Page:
Les Enfants Rouges, a cozy little Marais bistro, takes its name from the food market next door, itself named not for any revolutionary connections, as one might think, but for an orphanage that once stood on the site (it closed in the 16th century) and whose inmates were dressed in red.
The restaurant, which has been through various permutations, was recently taken over by a young Japanese chef, Dai Shinozuka, who used to work at Yves Camdeborde’s Le Comptoir du Relais. We have lost count of the number of French restaurants in Paris with Japanese chefs (Abri, Noglu and Passage 53, to mention just a few), and so far it always seems to be a recommendation.
Les Enfants Rouges is no exception. The simple but pretty decor has been left unchanged, just brightened up a bit. It features a small wooden bar in the entryway, a white-painted dining room with touches of red trim, a couple of abstract paintings, wooden tables and a bit of exposed stone wall. The tables are placed rather too close together, however, as my tall dining companion and I soon discovered. We had to sit sideways to avoid bumping our chairs against those of the people behind us or bumping knees under the table.
The charming waitress (the chef’s wife, Tomoko) and her male helper took good care of us. We started off with a complimentary appetizer of lentil soup with a slightly smoky
flavor, topped with chives. One of the first courses was a fine, delicate cold cream of
lobster soup with a remoulade of crab, avocado and chives. The other was a soft boiled egg served on a tasty bed of chanterelles cooked
with onions and pine nuts and topped with parsley foam.
When it came time for our main courses to arrive, something went wrong in the kitchen. Fortunately, my friend and I had decided to share each dish, so it wasn’t too much of a disaster when the partridge (an extra €8 added to the €35 fixed-price menu) arrived long before the veal. We both tucked into the generous serving of perfectly cooked partridge,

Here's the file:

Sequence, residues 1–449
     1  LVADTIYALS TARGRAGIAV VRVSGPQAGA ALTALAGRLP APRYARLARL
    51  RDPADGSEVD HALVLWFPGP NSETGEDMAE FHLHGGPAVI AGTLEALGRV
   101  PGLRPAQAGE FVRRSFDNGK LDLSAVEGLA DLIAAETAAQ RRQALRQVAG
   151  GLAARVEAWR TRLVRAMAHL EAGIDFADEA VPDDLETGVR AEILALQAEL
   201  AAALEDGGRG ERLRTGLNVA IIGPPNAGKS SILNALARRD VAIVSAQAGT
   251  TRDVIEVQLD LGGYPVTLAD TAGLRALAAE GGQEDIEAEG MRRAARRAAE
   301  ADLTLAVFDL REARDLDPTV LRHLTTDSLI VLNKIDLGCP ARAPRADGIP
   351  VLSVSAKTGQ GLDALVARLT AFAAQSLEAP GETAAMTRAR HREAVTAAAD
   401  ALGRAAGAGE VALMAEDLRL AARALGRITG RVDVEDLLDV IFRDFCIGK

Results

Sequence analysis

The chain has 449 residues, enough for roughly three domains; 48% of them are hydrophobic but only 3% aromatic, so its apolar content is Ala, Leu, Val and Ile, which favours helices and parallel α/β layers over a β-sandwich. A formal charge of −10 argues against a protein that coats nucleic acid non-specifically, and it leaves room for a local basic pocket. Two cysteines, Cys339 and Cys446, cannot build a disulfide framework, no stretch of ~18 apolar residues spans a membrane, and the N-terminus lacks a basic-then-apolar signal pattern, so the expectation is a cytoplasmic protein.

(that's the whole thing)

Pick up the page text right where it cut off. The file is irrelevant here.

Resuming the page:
which came with a purée of celeriac, a paste of the bird’s liver spread on toast and what seemed to be the same delicious preparation of wild mushrooms served with the starter.
The other main course finally arrived and was perfectly delightful: succulent, tender,
flavorful breast of veal, served once again with – you guessed it – wild mushrooms.
The waitress brought us the dessert menu and then came and took it away again, explaining that the chef was preparing something special to make up for the late delivery of the veal. It turned out that he was cooking up an extra dish of sweetbreads for us, news that didn’t
exactly thrill us since we were already quite full, but they were extremely delicious. We guessed that few people had ordered them that evening, since they cost €12 above the menu price.
Even fuller now, we decided to share only one dessert: tapioca pudding with fig jam. It
called up unpleasant memories of schooldays for my British friend, but even he had to admit that it was divine.
Verdict: all was not perfect, but Les Enfants Rouges still goes on the list of favorites for the quality of the food, the charm of the setting and the amiability of the staff. And it’s open on Sunday!
Note: Les Enfants Rouge has been named one of Paris’s 15 Best Restaurants of 2013 by FigaroScope.Favorite